On Tuesday, a 15-year-old student opened fire at Oxford High School in suburban Detroit, killing four students and injuring seven and a teacher. The suspect was taken into custody after reportedly shooting 15 to 20 shots with a semiautomatic handgun his father purchased only four days prior. He has since been charged as an adult and hit with a slew of murder, assault, and terrorism charges.
School shootings are so commonplace and even expected in this country now that younger Millennials and Zoomers have been subjected to active shooter drills for years; Oxford High School had a drill just last month. CNN spoke with students who recalled arming themselves with scissors and calculators in case the suspect entered their classrooms. They worked together to turn off the lights, bolt the doors shut, and turn their desks into a barricade.
That preparedness shined through in a bleak yet harrowing display as footage from Oxford High School students during the shooting made its way onto social media. The most circulated video was taken by a student inside a sign language classroom.
From USA Today:
“Sheriff’s office. It’s safe to come out,” a voice from outside the classroom says.
Inside, a man replies: “We’re not willing to take that risk right now.”
The person outside is insistent.
“It’s OK,” the voice says. “Open the door. It’s all right, bro.”
When students hear the person outside use the word “bro,” pandemonium erupts. They quickly come to the conclusion that it’s the shooter because a sheriff’s deputy would be unlikely to use the word “bro.”
“He said bro,” a teenage boy says, standing up amid the chaos. “Red flag.”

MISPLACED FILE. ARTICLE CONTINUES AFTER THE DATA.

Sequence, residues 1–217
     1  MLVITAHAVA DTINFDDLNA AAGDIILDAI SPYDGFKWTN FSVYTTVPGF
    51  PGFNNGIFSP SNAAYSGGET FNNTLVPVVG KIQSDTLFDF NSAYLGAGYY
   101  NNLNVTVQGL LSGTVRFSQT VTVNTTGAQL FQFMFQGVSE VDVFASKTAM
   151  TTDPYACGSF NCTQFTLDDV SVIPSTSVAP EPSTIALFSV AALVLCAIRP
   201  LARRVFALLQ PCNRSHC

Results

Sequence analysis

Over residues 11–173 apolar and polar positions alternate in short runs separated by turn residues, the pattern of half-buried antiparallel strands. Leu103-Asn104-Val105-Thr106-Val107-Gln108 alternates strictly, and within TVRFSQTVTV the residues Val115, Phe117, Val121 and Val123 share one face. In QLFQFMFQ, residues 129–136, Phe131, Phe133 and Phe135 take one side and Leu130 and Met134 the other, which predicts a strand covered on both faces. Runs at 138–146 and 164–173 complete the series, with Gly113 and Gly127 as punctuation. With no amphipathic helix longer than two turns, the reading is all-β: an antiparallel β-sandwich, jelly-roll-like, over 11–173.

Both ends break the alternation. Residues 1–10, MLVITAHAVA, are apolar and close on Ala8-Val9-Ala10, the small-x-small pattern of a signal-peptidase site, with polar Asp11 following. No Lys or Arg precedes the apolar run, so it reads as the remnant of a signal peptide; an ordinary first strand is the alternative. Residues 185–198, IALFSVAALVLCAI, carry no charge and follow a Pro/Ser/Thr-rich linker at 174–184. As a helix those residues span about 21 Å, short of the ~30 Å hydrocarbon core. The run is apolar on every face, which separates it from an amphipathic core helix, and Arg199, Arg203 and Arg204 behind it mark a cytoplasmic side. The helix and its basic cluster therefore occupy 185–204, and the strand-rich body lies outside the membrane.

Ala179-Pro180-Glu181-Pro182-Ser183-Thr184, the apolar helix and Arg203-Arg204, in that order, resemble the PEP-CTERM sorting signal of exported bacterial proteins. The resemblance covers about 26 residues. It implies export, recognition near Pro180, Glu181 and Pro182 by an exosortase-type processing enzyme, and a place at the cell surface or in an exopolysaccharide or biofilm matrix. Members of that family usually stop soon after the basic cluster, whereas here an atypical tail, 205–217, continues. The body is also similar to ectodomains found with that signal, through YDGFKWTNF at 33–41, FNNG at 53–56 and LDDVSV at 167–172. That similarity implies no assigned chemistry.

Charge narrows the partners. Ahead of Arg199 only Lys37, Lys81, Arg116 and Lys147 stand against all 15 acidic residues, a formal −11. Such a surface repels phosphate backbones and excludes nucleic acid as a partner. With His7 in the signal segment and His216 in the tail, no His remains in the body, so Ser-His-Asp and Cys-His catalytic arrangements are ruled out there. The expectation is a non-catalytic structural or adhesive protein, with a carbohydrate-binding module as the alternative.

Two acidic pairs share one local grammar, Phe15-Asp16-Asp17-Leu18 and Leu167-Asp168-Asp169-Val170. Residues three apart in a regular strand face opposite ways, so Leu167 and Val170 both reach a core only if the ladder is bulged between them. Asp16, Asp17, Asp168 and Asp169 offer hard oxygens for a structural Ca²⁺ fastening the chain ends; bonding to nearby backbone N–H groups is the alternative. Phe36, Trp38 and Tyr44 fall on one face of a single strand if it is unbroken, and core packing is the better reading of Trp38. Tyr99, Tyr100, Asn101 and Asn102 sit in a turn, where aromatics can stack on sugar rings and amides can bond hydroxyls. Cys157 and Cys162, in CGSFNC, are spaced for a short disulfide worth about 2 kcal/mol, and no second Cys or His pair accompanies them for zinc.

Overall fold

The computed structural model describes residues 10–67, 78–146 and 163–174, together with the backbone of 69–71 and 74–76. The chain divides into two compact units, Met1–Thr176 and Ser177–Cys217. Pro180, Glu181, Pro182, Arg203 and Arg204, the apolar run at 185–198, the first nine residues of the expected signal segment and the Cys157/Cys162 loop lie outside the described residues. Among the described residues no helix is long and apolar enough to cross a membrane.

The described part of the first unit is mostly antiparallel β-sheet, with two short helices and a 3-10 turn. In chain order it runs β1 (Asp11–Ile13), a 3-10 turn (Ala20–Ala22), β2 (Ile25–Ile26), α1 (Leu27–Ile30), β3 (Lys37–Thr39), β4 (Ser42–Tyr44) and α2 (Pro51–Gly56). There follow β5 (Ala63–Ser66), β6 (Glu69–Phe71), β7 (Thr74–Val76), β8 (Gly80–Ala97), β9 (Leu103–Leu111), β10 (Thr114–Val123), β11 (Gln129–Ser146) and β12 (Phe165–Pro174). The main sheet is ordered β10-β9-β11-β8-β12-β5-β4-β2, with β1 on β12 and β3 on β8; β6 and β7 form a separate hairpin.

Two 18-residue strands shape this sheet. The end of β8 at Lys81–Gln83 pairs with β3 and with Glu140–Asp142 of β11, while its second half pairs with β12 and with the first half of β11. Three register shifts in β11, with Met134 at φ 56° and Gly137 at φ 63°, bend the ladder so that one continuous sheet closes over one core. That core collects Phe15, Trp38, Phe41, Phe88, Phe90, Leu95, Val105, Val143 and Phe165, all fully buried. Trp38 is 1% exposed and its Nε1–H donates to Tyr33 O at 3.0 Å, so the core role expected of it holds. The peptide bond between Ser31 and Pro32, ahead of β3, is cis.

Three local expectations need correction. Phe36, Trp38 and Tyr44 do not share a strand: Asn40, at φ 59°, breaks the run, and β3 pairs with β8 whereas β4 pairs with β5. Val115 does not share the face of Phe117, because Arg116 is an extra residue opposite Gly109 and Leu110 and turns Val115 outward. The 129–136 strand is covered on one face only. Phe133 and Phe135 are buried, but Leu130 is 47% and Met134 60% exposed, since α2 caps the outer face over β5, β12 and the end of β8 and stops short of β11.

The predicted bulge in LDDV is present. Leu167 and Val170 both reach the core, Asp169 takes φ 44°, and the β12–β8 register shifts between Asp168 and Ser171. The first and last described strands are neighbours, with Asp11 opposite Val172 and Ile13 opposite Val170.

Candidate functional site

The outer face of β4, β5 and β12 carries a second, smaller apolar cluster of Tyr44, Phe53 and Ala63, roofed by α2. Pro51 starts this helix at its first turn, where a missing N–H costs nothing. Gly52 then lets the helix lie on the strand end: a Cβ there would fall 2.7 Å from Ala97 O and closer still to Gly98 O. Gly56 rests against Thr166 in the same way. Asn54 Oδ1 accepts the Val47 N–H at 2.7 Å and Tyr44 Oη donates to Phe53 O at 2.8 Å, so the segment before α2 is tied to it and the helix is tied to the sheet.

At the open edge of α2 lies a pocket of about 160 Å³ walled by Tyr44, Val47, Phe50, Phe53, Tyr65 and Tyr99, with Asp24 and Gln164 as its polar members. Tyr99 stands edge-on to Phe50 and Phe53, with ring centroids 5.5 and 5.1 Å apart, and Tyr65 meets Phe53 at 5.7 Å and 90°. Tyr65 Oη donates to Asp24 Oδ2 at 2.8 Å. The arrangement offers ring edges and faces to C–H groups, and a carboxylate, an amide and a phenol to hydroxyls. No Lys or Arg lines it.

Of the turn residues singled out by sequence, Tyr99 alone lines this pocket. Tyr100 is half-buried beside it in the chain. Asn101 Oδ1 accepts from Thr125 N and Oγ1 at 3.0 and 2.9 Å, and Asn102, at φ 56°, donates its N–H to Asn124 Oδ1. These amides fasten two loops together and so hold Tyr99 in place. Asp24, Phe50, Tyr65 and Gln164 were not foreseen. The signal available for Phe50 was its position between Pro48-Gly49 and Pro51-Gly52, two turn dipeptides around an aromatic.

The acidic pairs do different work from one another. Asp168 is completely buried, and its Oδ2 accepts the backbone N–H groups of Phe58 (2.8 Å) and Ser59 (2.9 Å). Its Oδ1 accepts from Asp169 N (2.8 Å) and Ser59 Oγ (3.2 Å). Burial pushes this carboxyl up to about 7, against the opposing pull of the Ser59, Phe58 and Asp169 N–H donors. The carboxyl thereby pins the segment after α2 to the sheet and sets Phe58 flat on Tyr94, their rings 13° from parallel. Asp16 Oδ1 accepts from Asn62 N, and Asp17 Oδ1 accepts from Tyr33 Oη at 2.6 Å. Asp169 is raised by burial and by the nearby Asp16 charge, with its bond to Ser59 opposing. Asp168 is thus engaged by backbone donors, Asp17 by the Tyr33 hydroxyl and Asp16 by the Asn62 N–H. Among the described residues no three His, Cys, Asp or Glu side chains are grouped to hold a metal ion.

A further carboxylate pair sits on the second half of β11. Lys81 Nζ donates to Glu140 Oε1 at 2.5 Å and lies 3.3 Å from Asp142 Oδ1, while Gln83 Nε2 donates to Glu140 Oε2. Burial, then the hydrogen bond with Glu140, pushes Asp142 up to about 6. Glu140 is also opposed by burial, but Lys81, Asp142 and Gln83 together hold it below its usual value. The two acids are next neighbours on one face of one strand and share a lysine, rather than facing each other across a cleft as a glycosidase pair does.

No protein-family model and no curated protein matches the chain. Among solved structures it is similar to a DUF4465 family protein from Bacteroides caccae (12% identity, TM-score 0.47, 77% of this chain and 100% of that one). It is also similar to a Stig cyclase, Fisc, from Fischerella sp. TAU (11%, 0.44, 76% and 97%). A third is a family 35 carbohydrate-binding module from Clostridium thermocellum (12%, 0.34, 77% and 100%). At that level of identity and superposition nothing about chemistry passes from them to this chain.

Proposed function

Students rush to a window, open it and begin to run into an outdoor courtyard.
The students’ preparedness is as impressive as it is agonizing, but the tactics have been forced upon them due to decades of political negligence.
The Oxford High shooting is the 28th school shooting of this year, and the deadliest of 2021. Twenty of these shootings have occurred since August 1, but this is arguably the first that has been a national news story for a full day—and even then, its place in the mainstream news cycle is competing against a slew of other news stories: the Supreme Court’s continued decimation of abortion access, inflation woes, and omicron, the new covid-19 variant. Left unsaid—too morbid to admit—is the fact that the death toll of the Oxford High shooting isn’t considered shocking enough anymore in a land as riddled with routine gun violence as America.
Remembered, sometimes, are the death tolls that reach 10 or more; forgotten are the ones that result in fewer lost lives. They blend in with the other news stories Americans have grown desensitized to: A murder here, three killed in a shooting there, and now it’s time for sports. And when the deadliest and most shocking school shootings—Columbine, Virginia Tech, Sandy Hook, Parkland—are met with inaction from Congress, the collective hopelessness for an end to this uniquely American scourge only solidifies. The pattern is predictable: School shooting occurs, the president makes a statement, Senators do the “thoughts and prayers” song and dance on Twitter, there are rumblings about passing gun control measures, Democrats attempt to pass some legislation, Republicans reject it, and Democrats grumble about it until another issue becomes a priority. Wash, rinse, repeat.
These harrowing tales of teens squaring off against mass shooters are coupled with the ghoulish realization that politicians, namely those on the right, are content with this not-so-new normal. At the very least, they don’t take it seriously—these are the people who suggested that the best way to combat a school shooter is to have every teacher in America locked and loaded. The love affair between Americans and their guns will take precedence over young people’s lives every time, and young people know it. All they can do is hope they don’t find themselves crouching behind a door, listening for footsteps.